We all know about the football game and the exchange of presents in the trenches at Christmas during WWI. We also know about the Japanese soldier who didn’t know war was over and refused to give up fighting long after WWII had finished.
Yeah but… have you ever heard of the 6 days war’s Yellow fleet? A peculiar story indeed.
In 1967, the world was split by the iron curtain.
In that summer, a convoy of fifteen ships from 8 different countries was sailing through the Suez Canal when war between Israel and Egypt broke out.
The tensions climaxed when Israel invaded the Sinai Peninsula, forcing the Egyptian army to the west. To prevent the enemy from using it, Egypt decided to block the Canal at both ends.
The convoy had nearly reached the halfway mark through the Suez Canal when Egypt’s President ordered for it to be blocked. While the war itself lasted only six days, the canal remained closed for the next eight years imprisoning the ships.
One might wonder if the crews were stuck for eight years too.
That was not the case. The first group of sailors was relieved within three months.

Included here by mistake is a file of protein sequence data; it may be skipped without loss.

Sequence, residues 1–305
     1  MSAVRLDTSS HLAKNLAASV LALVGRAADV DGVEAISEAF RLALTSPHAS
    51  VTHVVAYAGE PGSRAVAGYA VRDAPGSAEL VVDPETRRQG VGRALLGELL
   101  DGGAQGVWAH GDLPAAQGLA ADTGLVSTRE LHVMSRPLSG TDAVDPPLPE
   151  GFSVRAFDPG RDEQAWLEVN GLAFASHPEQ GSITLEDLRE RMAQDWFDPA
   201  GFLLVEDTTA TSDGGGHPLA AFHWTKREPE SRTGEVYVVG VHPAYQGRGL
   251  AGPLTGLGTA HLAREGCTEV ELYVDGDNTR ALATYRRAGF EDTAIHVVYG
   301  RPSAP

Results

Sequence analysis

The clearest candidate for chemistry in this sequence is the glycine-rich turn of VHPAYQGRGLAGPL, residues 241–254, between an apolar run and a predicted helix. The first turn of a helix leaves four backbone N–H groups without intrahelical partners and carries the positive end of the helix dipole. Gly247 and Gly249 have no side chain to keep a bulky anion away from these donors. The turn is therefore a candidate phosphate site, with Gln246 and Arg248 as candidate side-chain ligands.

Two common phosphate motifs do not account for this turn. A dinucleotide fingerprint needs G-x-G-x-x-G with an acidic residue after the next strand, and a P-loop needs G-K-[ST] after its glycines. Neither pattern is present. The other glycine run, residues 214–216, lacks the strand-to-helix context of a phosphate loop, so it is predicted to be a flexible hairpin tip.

Many different relief crews arrived over the years in order to maintain the ships so they could leave at a moment’s notice if the canal reopened. Yet they couldn’t keep up with desert sand that slowly covered the ships. That’s were the nickname comes from… “yellow fleet”.
Stranded and with nowhere to go, the sailors helped each other cope with their existence in scorching-hot conditions. They immediately dealt with the basics, ensuring everyone had food and water; wine and beer were also in plentiful supply: Captain Arthur Kensett, master of the British vessel, noted that an estimated 1.5million beer bottles were dumped overboard!
Months passed by but the situation didn’t change. In order to kill time, the officers and crews of all the ships got together and founded an association which held weekly meetings, arranged sports fixtures and social events. Football and sailing were particularly popular, as were movie nights. In 1968, the sailors even held their own mini Olympic Games with real trophies and medals.
More than sports, what is striking is how people got together developing strong bonds when faced with hardship. They eventually invented their own country going as far as devising a postal system. Although the hand-crafted stamps had no postal validity, their existence embodies the enduring sense of community these crews forged, in spite of coming from countries on opposing sides of the Cold War.